A meta-analysis found no link between knee osteoarthritis and either the amount or duration of routine exercise.
As someone who has good knees and has run many marathons, I’m happy to read this.
From the Press Release »
“Knowing that the amount of physical activity and time spent doing it is not associated with the development of knee osteoarthritis is important evidence for both clinicians and the public who may need to consider this when prescribing physical activity for health,” said co–lead author Thomas Perry, BSc, PhD, of the University of Oxford, in the UK.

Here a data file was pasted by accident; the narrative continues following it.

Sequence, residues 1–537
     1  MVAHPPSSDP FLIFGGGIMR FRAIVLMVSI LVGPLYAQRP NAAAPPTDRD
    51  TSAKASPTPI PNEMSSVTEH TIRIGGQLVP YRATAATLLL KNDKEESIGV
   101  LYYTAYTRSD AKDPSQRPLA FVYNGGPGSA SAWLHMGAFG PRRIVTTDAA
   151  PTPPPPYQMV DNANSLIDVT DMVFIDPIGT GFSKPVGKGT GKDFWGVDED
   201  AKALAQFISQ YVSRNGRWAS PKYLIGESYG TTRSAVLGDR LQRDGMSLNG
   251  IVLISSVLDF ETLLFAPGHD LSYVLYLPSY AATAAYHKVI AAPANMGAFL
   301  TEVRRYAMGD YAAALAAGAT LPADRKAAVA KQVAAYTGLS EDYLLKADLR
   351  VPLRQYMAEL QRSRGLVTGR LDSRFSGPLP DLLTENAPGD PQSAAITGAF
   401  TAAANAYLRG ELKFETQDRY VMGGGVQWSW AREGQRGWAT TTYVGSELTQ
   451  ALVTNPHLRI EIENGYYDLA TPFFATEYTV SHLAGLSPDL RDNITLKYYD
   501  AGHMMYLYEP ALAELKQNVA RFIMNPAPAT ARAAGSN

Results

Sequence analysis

Age is the largest risk factor for osteoarthritis, along with others like sex (women report it more often), genetics, and weight, since it can put more stress on the knees. Physically stressful jobs that require lots of heavy lifting and knee-bending have been linked to osteoarthritis as well. It’s less clear whether physical activity outside of work can cause or worsen knee osteoarthritis, though it’s certainly a common fear that exercises like running will eventually ruin your knees.
The authors of this new paper, published Wednesday in Arthritis & Rheumatology, looked at data from six earlier studies tracking a combined 5,065 participants over the age of 45 for about five to 12 years, all of whom did not have diagnosed knee osteoarthritis at the start of the study.
The authors found no significant link between the risk of developing knee osteoarthritis and either the amount of exercise done regularly or the time spent exercising.
Elsewhere » Medical Xpress /